Each month Oregon Jewish Life will ask a group of rabbis, cantors or individuals to respond to a question. Since this issue has a section on weddings and the state of Washington just legalized gay marriage, we asked a group of rabbis what Judaism says about the sanctity of marriage and if they believe that sanctity can be extended to same-sex couples. Three rabbis responded – Rabbi Motti Wilhelm of Chabad of Oregon and Benaroya Jewish Learning Academy; Rabbi Joseph Wolf, a Conservative rabbi serving the Reconstructionist Havurah Shalom; and Rabbi Debra Kolodny of P’nai Or, a Renewal congregation.
Rabbi Motti Wilhelm
Chabad of Oregon and Benaroya Jewish Learning Academy
We have landed on the moon, gotten rid of polio and seen the invention Facebook: Yet “Why we marry” remains a mystery.
How do we reconcile the fact 44% of Americans under 30 believe marriage is becoming obsolete, with the reality 95% of them want to get married?
Kabbalah teaches that our desire to marry is as organic and innate as our desire to live.
In Genesis man and woman are created as a joined being, given life by the breath of the Creator. When a child is born, it is through the partnership of her mother, father and G-d. And when the soul is formed it is comprised of both a masculine and feminine side which separate at birth and are reunited through marriage.
Marriage is the recognition that as individual beings we are incomplete and unwholesome. Thus G-d says, “It is not good for man to be alone.” Good comes through the realization that we are here for a good beyond ourselves and by commitment to a higher purpose.
Only through the union of a man, a woman and their Creator can we return to the sublime state of humanity which was first formed in Eden.
Rabbi Joseph Wolf
In 1978 Rabbi Hershel Matt wrote that gays and lesbians should have their own marriage ceremony. He was a tzadik, in the face of institutional reticence and blindness. Until then, rabbinic conversations about homosexuality considered the permissibility or the prohibition of the event, but few if any focused on the contours of a relationship between two loving human beings. The creativity and work to sustain it were unimaginable. Similarly, when the Talmud struggled with the concept of abomination (to’evah), it referenced a discourse about procreation that is now expanded by contemporary methods of fertilization. In addition, we have robust social scientific evidence that kids raised by gay parents are no worse off than those raised by heterosexual couples.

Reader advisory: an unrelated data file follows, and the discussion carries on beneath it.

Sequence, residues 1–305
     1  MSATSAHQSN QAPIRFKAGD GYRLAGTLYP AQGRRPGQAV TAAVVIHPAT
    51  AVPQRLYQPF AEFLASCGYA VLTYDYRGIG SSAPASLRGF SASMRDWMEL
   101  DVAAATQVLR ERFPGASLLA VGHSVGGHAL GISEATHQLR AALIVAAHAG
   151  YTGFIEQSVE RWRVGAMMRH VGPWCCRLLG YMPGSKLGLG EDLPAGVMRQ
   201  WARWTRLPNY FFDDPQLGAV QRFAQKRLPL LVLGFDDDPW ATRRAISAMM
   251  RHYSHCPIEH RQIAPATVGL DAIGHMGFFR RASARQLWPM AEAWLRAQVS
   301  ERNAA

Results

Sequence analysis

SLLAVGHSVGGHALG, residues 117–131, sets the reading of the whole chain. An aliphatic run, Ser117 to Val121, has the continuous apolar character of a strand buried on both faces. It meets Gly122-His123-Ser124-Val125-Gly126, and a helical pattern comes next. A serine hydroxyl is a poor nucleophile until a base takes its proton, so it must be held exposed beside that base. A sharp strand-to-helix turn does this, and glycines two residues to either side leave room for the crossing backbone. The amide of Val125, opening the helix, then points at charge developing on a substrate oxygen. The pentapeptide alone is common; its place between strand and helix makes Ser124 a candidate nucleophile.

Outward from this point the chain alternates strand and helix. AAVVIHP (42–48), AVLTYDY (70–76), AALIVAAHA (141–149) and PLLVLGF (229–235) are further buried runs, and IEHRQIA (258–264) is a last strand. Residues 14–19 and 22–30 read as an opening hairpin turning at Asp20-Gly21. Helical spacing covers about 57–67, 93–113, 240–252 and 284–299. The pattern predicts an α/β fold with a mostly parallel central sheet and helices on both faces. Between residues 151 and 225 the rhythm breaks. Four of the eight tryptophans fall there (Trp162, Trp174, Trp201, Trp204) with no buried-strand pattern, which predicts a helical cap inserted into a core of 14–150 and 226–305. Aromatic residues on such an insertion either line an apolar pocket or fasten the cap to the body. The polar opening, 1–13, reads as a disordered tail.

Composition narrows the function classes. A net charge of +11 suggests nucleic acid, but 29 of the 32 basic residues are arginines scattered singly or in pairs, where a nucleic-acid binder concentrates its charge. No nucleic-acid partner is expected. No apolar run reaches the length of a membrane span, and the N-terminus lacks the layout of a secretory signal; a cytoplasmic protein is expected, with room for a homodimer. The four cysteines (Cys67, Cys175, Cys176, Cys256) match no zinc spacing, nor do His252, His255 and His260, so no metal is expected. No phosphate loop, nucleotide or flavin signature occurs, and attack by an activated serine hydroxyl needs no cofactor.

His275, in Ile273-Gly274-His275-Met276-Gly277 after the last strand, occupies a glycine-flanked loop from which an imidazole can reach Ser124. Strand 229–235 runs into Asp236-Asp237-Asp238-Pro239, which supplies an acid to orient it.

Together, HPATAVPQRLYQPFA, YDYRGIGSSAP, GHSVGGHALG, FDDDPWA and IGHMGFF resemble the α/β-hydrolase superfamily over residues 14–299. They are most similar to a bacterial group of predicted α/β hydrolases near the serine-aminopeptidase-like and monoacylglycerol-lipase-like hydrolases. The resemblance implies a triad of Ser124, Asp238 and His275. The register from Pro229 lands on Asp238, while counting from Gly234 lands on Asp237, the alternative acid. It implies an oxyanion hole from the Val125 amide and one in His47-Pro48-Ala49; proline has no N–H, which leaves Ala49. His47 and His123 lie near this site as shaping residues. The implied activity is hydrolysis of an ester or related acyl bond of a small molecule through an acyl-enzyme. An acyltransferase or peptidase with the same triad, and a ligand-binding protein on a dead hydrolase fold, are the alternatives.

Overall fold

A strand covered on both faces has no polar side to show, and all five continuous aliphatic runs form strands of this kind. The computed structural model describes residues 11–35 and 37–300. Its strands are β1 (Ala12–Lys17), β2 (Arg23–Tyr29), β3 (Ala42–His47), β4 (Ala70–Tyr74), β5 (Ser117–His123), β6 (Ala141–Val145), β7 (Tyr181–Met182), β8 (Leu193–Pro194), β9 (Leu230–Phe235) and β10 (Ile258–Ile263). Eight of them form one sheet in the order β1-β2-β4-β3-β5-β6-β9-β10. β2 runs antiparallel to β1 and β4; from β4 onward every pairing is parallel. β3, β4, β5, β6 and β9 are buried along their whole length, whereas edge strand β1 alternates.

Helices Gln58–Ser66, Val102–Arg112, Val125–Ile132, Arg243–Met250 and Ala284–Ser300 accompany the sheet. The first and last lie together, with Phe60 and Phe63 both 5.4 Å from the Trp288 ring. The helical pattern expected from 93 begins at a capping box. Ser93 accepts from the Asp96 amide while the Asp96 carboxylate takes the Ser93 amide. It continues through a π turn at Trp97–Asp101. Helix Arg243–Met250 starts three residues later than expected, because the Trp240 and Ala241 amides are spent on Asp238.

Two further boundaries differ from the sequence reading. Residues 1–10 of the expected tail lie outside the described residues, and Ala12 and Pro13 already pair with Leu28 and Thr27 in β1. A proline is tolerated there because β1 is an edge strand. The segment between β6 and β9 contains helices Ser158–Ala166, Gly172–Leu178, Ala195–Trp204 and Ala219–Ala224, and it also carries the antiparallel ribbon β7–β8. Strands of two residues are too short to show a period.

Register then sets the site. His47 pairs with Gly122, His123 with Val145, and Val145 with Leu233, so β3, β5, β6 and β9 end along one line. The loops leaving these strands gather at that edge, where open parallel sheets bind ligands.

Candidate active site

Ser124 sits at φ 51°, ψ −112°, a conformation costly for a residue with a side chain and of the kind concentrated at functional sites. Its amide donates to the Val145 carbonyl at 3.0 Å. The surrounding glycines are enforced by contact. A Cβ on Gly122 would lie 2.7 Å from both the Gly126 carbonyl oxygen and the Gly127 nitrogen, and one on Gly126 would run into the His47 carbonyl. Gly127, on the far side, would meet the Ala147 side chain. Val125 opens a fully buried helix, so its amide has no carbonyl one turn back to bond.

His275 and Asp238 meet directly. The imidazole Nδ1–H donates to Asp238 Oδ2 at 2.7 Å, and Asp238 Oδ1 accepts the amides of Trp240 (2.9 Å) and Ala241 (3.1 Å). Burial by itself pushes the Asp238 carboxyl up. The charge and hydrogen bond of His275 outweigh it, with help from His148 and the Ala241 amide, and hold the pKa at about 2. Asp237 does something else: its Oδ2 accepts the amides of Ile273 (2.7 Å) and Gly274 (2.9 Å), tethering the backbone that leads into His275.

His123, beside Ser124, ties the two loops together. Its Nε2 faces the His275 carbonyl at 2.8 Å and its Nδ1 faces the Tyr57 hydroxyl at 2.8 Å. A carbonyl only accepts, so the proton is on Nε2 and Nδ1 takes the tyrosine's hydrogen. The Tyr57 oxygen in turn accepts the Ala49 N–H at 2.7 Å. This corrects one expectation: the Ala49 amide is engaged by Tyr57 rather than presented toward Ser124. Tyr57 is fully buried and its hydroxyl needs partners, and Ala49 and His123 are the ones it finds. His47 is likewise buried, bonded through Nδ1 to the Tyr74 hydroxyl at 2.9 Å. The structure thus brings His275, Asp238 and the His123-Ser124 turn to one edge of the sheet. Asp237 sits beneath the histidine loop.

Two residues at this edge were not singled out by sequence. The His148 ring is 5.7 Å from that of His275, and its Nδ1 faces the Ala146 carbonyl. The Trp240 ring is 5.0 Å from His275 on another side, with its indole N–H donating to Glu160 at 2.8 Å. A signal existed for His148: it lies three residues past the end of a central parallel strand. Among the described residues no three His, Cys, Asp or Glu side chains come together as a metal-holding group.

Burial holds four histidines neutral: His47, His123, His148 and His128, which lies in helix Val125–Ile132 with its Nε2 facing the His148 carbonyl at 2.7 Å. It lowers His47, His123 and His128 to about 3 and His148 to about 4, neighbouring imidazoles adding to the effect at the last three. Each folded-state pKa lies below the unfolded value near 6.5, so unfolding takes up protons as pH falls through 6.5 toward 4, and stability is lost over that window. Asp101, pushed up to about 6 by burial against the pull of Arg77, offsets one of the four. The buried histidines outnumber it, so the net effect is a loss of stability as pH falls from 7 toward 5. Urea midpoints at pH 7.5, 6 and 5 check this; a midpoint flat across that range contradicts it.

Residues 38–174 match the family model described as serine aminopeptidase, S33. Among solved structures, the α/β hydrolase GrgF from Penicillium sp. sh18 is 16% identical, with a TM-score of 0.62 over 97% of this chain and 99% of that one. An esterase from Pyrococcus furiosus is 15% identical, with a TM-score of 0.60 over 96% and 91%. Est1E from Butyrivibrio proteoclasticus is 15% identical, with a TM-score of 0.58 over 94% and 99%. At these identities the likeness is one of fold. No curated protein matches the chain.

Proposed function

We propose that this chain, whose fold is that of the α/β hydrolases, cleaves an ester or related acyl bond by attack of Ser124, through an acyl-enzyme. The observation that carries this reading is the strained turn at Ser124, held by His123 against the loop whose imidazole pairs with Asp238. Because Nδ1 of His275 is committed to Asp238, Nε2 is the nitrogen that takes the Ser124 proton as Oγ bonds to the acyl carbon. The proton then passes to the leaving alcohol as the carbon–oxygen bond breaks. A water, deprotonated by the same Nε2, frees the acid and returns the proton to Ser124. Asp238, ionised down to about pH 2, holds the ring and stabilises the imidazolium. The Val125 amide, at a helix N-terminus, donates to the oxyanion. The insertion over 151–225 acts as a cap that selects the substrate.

But let’s get with the times, folks. What more compelling argument does the Jewish community need to support equal marriage rights than to recognize that our own children are saying that they want the opportunity to love whom they choose and be cherished? It’s not just a rights argument, it’s about compassion instead of shame and ostracism.
In the 14th century, the Ashkenazic rabbinate consolidated control over marriages. Today, when the LGBT community demands that we sanction their marriages and recognize their committed relationships, it’s good not just for the rabbis – it’s good for the Jews!
Rabbi Debra Kolodny
Love between adults committed to one another who embrace the responsibilities, obligations and joys of marriage is holy. Such a marriage honors klal Yisrael and HaShem. It is sacred.
Breishit 1:27 tells us, and Midrash Rabbah reinforces, that the original adam (earth being) was created in the image of God, both male and female. This primordial male/female Adam reverberates in our souls, making innate the potential for loving feelings to grow a relationship into ezer kinegdo (constructive complement) for couples of every gender combination, reflecting tzelem Elokim (the image of God). Sanctifying loving couples through marriage honors this spiritual truth.
Our sages filled volumes supporting the sanctity of marriage between men and women. Yevamoth 62b says: “He who spends his days without a wife has no joy, no blessing, no good,” and: Breishit Rabbah 68.4 teaches that post-Creation, God’s time is devoted to bringing bashert couples together.
Our sages did not imagine all possible changes in marriage. For example, they did not predict Rabbeinu Gershom’s 10th-century prohibition against polygamy. History shows us that halacha is ever evolving, with changes guided by Torah principles including d’rache’ha darchei noam (her ways are paths of pleasantness) and darchei shalom (paths of peace). These principles can support expansiveness in supporting same sex marriage, to honor and include partnerships of ethical and passionately committed Jews.